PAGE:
One of the EU’s most fragile economies is bracing for fallout from Britain’s referendum. Greece has become ground zero for the EU’s experiments – from austerity to refugee distribution.
There has been little sympathy for the EU in a country that is constantly faced with the effects of its policies – from a six-year economic crisis to an unresolved refugee crisis. Despite this, the news that Britain has chosen to exit the European Union was largely met with stunned surprise in Greece.
There were storms across the United Kingdom on Thursday, but in Athens a warm summer’s night saw in the results of the referendum. In the end, the Brexit succeeded where a threatened Grexit had not. It was just under a year ago that Greece held an ill-fated referendum against EU austerity policies, and the reaction in Athens to the looming Brexit has been mixed.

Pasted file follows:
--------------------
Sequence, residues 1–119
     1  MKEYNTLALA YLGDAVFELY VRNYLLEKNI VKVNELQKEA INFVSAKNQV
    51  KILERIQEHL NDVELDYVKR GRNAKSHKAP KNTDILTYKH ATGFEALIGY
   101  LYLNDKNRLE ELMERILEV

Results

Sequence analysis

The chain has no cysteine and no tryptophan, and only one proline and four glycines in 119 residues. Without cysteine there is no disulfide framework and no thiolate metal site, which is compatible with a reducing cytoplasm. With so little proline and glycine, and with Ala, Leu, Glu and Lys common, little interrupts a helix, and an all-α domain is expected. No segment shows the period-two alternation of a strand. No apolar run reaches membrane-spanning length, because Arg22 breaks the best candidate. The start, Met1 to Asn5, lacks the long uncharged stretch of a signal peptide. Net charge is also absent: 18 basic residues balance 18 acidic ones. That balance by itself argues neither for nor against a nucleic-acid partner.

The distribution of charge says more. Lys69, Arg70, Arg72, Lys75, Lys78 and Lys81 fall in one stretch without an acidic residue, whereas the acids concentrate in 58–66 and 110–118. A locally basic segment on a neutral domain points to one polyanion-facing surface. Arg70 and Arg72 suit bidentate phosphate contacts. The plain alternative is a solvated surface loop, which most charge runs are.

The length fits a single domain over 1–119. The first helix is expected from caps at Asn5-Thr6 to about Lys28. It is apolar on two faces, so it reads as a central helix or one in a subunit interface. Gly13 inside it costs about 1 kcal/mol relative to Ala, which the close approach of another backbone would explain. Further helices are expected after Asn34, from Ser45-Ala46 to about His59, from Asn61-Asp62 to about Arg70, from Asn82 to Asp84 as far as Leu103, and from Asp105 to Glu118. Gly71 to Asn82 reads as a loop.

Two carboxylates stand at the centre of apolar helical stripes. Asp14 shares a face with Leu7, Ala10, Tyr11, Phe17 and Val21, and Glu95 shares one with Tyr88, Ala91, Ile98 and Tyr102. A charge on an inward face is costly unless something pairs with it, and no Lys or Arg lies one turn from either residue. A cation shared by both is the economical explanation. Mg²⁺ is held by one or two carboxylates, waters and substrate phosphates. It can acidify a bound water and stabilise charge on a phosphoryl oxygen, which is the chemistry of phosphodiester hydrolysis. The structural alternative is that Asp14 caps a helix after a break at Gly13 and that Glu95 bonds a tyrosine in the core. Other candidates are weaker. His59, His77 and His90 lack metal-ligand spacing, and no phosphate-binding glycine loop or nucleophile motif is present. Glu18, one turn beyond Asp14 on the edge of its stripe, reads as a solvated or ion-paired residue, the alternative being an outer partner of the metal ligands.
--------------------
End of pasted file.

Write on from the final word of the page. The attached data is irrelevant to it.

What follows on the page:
Some Greeks feel that Brits were right to make a break for independence from the European Union.Others are more cautious. They feel that Britain has taken an unnecessary gamble: The European Union may be flawed, but it still beats the alternative, and the predicted domino effect from the Brexit may well have a negative impact on the economy of Greece – a country that is in no position to suffer any further blows.
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